Australia needs volunteers to be ready for a cyber conflagration

Australia’s ‘black summer’ of bushfires and the Covid-19 pandemic caught authorities and citizens off guard, but they shouldn’t have. Experts were warning about catastrophic fires from mid-2019, while national security agencies have worried about a global pandemic for decades. In each case, the sheer scale of the crisis appears to have made it difficult to imagine and plan for ahead of time.

Scanning the horizon, what other large-scale risks does Australia face? An obvious one is a major, destructive cyberattack.

Last year, the defence force’s head of information warfare revealed that although Australia has strong cyber defences, ‘when it comes to scale, I’m a bit worried’. The bushfire and coronavirus crises have reinforced how difficult it is to manage whole-of-nation emergencies. Coordination problems between state and federal governments impede responses, our national supply chains lack resilience, physical infrastructure can be brittle, and there are subterranean fault lines in our social cohesion. A major cyberattack would expose all of these weaknesses.

A deliberate state-sponsored cyberattack would also differ in important ways. Fires and viruses don’t have geopolitical agendas or make coercive political demands. They don’t intend to hit us where we are most vulnerable, and they don’t adapt their strategy to outfox first responders. Indeed, just as Australian national security analysts will use recent crises as learning opportunities, foreign adversaries are likely also observing our strengths and weaknesses with interest.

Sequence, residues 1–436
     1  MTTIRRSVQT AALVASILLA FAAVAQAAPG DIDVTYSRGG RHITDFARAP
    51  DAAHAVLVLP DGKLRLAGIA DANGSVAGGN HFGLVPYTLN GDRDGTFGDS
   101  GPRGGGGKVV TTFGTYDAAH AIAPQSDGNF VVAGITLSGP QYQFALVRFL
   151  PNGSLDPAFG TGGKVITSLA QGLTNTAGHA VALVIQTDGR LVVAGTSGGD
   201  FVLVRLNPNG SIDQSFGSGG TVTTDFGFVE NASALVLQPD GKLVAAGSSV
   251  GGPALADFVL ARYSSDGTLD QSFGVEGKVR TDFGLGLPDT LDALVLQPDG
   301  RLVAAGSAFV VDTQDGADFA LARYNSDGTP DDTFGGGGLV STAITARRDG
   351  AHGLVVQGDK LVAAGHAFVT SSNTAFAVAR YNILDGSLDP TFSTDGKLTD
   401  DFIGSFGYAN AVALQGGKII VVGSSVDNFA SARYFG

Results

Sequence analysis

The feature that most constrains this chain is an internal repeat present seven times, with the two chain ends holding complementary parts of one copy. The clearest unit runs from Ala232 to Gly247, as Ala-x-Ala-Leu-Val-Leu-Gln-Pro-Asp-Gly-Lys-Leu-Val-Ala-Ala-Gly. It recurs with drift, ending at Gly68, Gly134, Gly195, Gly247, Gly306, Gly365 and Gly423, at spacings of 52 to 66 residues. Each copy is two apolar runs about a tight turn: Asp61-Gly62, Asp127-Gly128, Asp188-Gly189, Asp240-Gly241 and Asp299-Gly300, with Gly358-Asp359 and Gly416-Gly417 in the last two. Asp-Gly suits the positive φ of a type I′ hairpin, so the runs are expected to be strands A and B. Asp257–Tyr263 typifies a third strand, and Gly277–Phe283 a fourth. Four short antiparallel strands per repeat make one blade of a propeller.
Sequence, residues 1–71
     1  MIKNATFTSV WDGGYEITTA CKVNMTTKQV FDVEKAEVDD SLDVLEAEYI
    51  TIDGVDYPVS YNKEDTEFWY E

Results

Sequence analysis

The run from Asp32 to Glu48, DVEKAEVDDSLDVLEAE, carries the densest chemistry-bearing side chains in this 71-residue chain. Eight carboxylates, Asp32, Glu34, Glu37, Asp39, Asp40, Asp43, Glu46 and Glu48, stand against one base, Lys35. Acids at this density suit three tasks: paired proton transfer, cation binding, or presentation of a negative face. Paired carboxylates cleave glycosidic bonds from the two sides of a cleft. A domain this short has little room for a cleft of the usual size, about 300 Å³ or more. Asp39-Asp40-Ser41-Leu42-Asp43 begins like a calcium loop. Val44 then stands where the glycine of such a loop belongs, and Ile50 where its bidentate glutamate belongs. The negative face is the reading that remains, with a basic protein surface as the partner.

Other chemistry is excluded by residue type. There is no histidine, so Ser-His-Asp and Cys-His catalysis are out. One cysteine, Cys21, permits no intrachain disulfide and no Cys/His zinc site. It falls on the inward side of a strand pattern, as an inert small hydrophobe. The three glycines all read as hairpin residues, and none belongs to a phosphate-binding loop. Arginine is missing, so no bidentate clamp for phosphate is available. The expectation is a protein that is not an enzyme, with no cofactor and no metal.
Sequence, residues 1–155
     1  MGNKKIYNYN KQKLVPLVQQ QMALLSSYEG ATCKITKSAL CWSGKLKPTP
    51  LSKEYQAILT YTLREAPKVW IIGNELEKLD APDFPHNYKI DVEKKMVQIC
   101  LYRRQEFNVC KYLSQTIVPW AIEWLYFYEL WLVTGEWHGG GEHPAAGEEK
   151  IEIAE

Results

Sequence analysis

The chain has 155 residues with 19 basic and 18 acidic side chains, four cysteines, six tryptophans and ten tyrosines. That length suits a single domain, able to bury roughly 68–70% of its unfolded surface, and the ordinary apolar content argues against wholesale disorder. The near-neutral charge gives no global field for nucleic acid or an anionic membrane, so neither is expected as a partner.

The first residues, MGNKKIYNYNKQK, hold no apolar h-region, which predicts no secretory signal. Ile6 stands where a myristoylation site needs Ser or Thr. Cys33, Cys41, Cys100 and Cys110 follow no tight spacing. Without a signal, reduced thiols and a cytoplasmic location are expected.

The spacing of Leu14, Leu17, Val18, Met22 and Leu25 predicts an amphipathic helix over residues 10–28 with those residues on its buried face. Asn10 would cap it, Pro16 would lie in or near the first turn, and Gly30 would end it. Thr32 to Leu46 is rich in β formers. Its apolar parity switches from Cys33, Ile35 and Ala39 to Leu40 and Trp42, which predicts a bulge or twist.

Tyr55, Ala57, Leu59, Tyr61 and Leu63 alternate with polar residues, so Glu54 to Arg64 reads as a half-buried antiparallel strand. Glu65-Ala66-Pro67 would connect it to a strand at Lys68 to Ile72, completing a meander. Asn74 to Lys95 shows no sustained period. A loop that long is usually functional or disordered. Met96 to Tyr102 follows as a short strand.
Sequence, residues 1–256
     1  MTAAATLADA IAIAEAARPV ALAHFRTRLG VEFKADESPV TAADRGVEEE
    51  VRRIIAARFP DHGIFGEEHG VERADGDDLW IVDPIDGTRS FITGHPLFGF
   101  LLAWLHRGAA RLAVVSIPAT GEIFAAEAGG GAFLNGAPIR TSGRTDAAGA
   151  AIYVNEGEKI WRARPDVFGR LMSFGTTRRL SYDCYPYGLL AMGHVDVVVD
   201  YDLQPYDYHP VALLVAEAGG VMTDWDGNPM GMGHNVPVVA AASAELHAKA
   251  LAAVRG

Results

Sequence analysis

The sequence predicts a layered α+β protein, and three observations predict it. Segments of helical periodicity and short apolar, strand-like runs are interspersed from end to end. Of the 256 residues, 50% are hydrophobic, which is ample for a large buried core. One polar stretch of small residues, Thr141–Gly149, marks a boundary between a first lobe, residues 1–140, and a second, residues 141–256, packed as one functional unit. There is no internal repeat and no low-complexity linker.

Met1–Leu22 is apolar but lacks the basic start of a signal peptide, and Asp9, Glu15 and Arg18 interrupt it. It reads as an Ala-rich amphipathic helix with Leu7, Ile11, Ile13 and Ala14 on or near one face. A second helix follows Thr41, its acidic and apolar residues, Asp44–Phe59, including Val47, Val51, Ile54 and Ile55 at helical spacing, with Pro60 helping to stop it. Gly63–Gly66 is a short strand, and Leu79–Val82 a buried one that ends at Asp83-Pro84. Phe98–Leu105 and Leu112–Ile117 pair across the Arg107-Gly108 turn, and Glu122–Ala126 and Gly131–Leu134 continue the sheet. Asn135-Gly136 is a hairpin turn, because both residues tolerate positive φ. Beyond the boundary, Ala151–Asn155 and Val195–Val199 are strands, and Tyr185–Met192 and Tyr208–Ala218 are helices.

So what can be done?

One good policy idea is to organise and train ‘cyber resilience’ volunteers. It’s not a new idea: calls for some form of cyber civil defence have been mooted in Canberra for years, including most recently by the shadow cybersecurity minister writing for this site.

Importantly, this model is nothing like the state-sponsored hackers used by other countries or groups of ‘cyber vigilantes’. Offensive cyber should be left to Australia’s capable and appropriately authorised federal agencies. Volunteers would support whole-of-nation cyber risk reduction and, if needed, response and recovery efforts.

Recent experiences with bushfires and Covid-19 help illuminate four reasons why this idea deserves serious consideration.

First, Australia doesn’t have state or local authorities with significant cyber defence capabilities. In the event of a crisis, the roles and responsibilities of the states, and how private sector talent and infrastructure could lawfully be used, remain unclear.

A volunteer organisation could help bridge that gap. Significantly, volunteers would not only be technical experts—just as not all volunteer firefighters work on the front line. Skills in business, planning, communications, trades and engineering would be essential.

Second, and most important, recent experience has shown us that crisis response and recovery need federal coordination and resourcing, but must also be responsive to local needs. Effective crisis management has a yin and yang: clear top-down direction, plus robust bottom-up capacity.